Should There Be a Stigma Around Watching Porn?

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Charles Deluvio

“Let’s talk about porn” (Photo/Charles Deluvio/ Unsplash)

Kathryn Lytkowski, Contributing Writer

Disclaimer: The legal age to buy pornographic videos and magazines is 18 years old, and most websites are not open to anyone under 18. Please note that, in publishing this article, the Spokesman is not endorsing breaking laws or website regulations, but is instead merely acknowledging the moral and health perspectives surrounding this complex issue. 

 

American society has always been puritanical in avoiding conversations around taboo subjects, especially those having to do with human sexuality. In the past, expressions of sex were exclusive to procreation, and anything more was seen as wrong or immoral. But, as society has evolved over the years, these ideals have slowly begun to change. The liberalization of American society has made sex more accessible than ever before: in advertisements, music, and most importantly, video. The Internet Era has enabled populations to access, produce, and share forms of sexuality on an unprecedented scale. 

As with any taboo subject, there are strong opinions and misconceptions derived from pornography as well. American society still attempts to stifle discussion around pornography, even though a majority of teenagers have seen some form of sexual expression in their lifetime. With all the negative conversation surrounding pornography, it’s fair to ask if such a stigma is deserved. Health professionals, such as Director of Wellness Services Maritoni Shah, as well as scientific studies, are helpful in answering these questions.

Scientists and health officials have been studying pornography for years to see if there are possible benefits to its consumption. According to Dr. Shah, “Pornography has shown [many people] how to enjoy sex and sexual acts. It has made individuals more confident in asking partners to experiment and try things and has helped people communicate better about sex. It has made masturbation a more accepted activity and has allowed people to reach sexual satisfaction safe from disease, violence, pregnancy, and other unwanted complications. For people with different sexual preferences than sole hetero male/female intercourse, porn may be the first thing that they find that can validate their urges and their preferences.” Such evidence suggests that there are clear benefits to watching pornography and promoted healthier and safer life styles for many. 

In a 2007 public health report, published by the National Center for Biotechnology Information, it was found that the average age of sexual initiation for teenagers is 17. Being exposed to pornography in high school could, then, lessen the shame around sexual desire and allow for both partners to make open decisions with regard to sexual activity. Wouldn’t this consequently make sex safer?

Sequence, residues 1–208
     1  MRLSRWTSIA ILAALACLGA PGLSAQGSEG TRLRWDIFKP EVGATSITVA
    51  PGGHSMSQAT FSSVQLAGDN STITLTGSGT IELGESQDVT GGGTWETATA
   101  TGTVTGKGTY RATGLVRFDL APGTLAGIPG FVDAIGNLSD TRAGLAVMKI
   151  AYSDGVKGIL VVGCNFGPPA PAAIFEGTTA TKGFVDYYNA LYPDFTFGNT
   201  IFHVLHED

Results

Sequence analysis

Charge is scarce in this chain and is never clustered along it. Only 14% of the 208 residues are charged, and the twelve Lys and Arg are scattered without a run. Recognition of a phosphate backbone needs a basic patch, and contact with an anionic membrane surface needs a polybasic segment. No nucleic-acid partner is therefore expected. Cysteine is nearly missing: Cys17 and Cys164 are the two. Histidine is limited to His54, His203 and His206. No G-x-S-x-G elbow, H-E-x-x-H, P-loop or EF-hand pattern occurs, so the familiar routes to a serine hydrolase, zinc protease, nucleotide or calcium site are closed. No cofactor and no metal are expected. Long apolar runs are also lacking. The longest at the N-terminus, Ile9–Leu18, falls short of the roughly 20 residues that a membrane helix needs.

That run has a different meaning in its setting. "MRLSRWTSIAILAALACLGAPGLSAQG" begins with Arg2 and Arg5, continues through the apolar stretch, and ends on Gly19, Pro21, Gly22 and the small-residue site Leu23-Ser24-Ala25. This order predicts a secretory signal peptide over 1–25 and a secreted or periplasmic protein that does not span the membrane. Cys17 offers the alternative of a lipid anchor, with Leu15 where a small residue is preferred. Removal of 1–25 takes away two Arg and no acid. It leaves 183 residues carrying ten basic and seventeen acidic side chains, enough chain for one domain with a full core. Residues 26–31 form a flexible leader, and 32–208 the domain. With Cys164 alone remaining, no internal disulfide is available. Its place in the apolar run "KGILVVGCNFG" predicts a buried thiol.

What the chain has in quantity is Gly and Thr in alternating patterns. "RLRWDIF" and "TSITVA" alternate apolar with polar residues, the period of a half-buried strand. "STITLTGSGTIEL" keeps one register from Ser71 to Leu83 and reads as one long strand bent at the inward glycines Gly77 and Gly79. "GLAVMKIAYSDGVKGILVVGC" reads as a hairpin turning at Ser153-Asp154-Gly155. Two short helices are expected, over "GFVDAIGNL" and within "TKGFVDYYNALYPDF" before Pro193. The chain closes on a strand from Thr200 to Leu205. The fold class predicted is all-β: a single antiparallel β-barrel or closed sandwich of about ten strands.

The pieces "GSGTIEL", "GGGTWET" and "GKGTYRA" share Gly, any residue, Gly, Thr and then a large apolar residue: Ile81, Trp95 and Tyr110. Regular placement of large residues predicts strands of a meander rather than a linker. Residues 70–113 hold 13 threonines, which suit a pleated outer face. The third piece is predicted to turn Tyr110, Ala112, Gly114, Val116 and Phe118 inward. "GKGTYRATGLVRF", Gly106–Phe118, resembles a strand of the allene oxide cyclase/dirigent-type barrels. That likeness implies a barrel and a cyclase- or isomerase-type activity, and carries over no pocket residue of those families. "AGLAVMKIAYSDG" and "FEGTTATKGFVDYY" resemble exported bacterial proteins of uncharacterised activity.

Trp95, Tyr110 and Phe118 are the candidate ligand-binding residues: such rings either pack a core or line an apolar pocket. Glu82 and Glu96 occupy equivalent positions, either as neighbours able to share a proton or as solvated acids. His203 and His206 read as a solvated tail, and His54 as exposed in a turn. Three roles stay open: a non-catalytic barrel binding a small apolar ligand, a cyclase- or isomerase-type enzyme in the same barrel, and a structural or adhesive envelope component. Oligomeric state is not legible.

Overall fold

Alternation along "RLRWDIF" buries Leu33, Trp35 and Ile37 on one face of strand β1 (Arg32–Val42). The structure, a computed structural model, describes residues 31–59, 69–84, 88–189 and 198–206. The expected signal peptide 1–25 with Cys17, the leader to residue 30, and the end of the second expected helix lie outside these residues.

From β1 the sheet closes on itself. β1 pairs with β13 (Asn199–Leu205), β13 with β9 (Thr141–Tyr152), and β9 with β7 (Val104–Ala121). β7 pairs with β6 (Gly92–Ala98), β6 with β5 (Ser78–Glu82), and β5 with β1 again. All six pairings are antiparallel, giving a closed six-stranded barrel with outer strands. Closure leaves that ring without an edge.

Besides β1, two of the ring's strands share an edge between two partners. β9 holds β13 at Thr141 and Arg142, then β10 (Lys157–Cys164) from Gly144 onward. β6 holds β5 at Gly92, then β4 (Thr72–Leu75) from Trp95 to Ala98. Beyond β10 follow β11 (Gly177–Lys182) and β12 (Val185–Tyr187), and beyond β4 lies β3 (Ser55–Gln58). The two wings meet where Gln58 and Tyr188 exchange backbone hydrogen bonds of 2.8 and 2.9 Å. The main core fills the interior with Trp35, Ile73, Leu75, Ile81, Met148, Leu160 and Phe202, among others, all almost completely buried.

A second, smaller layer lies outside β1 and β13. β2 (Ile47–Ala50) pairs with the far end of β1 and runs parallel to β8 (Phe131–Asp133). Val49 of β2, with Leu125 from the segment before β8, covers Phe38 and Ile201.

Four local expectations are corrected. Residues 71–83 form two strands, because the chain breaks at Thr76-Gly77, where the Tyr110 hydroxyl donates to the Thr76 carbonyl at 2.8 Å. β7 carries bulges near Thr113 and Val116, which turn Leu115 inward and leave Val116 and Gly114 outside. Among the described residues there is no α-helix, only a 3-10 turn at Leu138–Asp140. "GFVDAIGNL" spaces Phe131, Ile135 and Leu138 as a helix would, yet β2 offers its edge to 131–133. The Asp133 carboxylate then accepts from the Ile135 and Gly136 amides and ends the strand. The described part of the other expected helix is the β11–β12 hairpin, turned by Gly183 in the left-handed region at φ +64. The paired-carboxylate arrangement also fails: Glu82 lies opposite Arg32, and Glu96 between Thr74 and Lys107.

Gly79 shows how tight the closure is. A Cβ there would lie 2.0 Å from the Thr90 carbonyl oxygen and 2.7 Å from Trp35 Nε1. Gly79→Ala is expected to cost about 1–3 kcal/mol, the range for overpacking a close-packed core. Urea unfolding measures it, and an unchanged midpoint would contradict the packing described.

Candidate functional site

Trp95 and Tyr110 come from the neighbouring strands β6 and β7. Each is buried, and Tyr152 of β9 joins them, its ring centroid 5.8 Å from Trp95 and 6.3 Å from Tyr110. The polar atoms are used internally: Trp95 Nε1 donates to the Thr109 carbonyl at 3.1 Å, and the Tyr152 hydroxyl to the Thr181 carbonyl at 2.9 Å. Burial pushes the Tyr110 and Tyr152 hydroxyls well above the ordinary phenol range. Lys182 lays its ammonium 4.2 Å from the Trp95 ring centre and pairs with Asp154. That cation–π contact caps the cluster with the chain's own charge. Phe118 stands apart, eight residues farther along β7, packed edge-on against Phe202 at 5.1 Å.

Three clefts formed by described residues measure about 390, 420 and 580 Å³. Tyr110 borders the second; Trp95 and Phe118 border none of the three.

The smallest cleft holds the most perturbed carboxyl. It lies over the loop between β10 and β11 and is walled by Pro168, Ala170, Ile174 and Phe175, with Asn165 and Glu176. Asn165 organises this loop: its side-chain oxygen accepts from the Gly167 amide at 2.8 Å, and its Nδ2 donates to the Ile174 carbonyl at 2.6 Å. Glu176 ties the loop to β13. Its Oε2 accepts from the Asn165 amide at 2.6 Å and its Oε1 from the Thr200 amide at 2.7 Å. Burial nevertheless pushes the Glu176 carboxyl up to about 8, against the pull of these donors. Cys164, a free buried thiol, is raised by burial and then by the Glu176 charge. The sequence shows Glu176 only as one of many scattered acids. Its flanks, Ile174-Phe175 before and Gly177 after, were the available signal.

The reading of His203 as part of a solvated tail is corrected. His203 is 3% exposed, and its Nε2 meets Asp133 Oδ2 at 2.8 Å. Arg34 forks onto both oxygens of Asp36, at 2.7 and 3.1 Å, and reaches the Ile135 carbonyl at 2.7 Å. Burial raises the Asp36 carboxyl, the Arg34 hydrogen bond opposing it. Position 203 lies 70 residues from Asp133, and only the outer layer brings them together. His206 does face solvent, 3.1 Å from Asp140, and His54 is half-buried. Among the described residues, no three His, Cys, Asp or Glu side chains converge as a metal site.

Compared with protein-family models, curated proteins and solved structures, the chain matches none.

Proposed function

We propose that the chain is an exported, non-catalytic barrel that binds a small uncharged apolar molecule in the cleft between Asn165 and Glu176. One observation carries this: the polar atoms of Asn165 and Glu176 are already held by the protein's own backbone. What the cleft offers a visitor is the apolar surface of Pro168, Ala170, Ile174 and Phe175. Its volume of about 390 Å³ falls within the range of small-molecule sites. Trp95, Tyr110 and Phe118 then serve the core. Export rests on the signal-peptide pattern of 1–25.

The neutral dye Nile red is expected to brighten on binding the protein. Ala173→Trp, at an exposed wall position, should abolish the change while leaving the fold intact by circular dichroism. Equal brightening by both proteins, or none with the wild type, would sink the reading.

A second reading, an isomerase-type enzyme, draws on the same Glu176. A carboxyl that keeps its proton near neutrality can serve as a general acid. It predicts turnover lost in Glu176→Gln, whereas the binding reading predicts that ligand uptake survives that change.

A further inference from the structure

Not necessarily. The conflict comes from whether porn is an adequate educator of sexual health. Although it can teach people to take charge of their own desires, the extent of these desires might not be realistic. “Porn is a money maker and a business,” says Dr. Shah. The most concerning drawbacks of pornography can be accredited to the “unreal expectation of sex, normalization of some sexual acts, objectification of partners–especially female ones.” The most troubling examples come from a lack of contraceptive use, equality, and ethical production. A study published in the Public Library of Science found that porn consumption without the usage of male/female condoms or dental dams doubled the likelihood that the viewer would have unprotected sex themself. Further, the pornographic film industry is dominated by the male gaze, and as a result, gender roles are frequently enforced in an aggressive manner toward female sexual partners. Most importantly, pornography can be exploitative if not regulated correctly. The website Pornhub, in particular, has recently come under a lot of fire for allowing videos of child porn and sex trafficking to remain on their website for days at a time. The pornographic industry looks especially terrible when reminded that the site is profiting off of these injustices.

Though pornography has existed for some time in American culture, there remains very little research about the topic. Because of the rapidly evolving industry and limited data sets, it is difficult for scientists and public health officials to come to one conclusion regarding how good or bad pornography might be. Yet, defining this for certain might not even matter. Dr. Shah concluded, “Labeling porn as good or bad doesn’t [help or hurt] anyone. It does, however, harm us as a culture if we don’t talk about what [pornography] is and what it isn’t.” As long as we continue to break the taboo and discuss the many facets and nuances of pornography, we have the opportunity to give future generations the proper knowledge to make that decision for themselves.

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